Landcorp operates 122 farms, covering an area of 376,156 hectares (owned and leased). It runs 1.5 millions stock units, has a permanent staff of 599, 77 of whom are in its Wellington head office.
It’s last annual report showed it had total assets of $1.6b.
That is a lot of capital tied up and its return on that capital continues to be dismal:
The state-owned farmer said its ‘net operating profit’ fell to $27 million in the 12 months ended June 30, from a record $42 million on the same basis a year earlier. Sales fell 4 percent to $210.5 million.
The decline in operating profit mainly reflected the impact of “significant reductions”in prices for milk and timber in a year when sales fell even as the volumes produced rose. The company will pay the government a dividend of $20 million, down from $27.5 million in the previous year.
Landcorp said net operating profit for 2013 will be about $13 million, based on current product prices.
The current year’s product prices are expected to be “more volatile and generally lower” than in 2012, Landcorp said.
“This will reflect the continued negative impact of the global financial crisis on demand in European, North American and Asia economies, and particular supply and demand factors in markets for wholesale milk products,” it said.
The high kiwi dollar continues to have a major impact on income from exporting, the company said.
Net profit, the earnings measure required to be disclosed by listed companies, was a loss of $9.4 million from a year-earlier profit of $114.6 million, reflecting changes in unrealised revaluations on livestock, derivatives and land.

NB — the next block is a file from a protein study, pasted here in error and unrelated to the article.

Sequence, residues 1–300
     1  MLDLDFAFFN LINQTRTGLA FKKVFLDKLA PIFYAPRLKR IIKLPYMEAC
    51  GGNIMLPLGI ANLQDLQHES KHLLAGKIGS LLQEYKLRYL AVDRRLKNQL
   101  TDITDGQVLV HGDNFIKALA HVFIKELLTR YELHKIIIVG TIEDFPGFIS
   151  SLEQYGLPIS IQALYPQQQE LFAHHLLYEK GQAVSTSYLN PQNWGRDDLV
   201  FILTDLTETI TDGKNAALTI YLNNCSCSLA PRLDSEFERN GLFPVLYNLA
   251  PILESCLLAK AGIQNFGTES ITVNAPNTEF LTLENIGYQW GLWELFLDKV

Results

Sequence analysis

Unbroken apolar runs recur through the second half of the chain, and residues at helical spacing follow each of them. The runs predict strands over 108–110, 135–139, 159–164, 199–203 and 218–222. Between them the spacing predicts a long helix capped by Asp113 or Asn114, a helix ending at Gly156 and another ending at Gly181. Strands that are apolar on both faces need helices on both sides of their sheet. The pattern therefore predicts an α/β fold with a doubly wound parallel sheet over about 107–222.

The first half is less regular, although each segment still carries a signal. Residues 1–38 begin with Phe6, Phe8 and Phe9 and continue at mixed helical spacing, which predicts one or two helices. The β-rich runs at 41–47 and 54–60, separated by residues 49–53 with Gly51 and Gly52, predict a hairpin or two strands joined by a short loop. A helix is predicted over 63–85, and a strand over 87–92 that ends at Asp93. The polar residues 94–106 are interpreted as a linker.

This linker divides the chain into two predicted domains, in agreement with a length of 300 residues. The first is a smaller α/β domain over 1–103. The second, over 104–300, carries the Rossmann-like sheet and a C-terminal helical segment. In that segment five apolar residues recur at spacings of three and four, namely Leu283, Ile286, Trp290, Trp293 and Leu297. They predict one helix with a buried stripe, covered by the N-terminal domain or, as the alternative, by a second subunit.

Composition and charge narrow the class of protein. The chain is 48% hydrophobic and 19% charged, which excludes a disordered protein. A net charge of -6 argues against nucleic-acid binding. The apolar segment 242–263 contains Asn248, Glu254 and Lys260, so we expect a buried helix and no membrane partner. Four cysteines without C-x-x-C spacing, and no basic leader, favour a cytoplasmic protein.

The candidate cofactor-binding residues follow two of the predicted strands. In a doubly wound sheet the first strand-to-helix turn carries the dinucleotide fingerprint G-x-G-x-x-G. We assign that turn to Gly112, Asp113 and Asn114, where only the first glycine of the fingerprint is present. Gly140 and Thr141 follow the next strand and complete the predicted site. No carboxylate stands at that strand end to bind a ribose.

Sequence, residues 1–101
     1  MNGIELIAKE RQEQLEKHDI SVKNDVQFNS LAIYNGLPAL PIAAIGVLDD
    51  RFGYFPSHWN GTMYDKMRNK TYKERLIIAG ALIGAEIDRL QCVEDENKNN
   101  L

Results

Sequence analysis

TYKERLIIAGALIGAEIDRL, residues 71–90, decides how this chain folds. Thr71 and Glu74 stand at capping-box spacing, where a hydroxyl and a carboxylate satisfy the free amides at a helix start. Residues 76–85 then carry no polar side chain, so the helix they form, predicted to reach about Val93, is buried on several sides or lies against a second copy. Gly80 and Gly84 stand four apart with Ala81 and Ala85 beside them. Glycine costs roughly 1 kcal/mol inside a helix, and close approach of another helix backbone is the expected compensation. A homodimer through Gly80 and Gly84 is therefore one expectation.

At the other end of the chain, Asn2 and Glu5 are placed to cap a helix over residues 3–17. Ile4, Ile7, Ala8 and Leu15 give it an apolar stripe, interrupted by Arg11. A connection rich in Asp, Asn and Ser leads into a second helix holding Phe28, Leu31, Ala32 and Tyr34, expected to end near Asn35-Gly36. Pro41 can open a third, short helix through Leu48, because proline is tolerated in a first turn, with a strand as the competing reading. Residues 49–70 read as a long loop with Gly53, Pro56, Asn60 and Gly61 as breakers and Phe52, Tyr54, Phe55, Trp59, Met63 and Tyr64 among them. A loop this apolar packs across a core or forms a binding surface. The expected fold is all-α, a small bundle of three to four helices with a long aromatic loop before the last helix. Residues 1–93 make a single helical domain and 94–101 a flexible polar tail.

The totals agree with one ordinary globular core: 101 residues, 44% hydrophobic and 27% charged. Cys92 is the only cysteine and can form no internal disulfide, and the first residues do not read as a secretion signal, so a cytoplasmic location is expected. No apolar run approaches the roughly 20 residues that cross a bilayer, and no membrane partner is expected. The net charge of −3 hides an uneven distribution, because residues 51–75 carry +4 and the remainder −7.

Like many other New Zealand companies, Landcorp downplayed the net profit figure as being “not a meaningful indicator” of its operating performance. Since New Zealand adopted the International Financial Reporting Standards there has been a proliferation of non-standardised earnings measures, where companies back out items that aren’t directly to do with operations. . .
Landcorp first flagged the $20 million dividend and $27 million operating profit at the start of the month, when it reported record annual milk production of 13.3 million kilograms of milk solids. It had previously forecast profit on that basis of $16.3 million.
Even given that proviso, which isn’t unreasonable, keeping so much capital tied up in a company which makes such a poor return on it wouldn’t make sense in good times. It certainly can’t be justified when debt is such a concern in the face of continuing financial woes in most parts of the world.
The company should not be sold as a whole but the gradual and orderly sale of individual farms ought to be at least a medium term goal.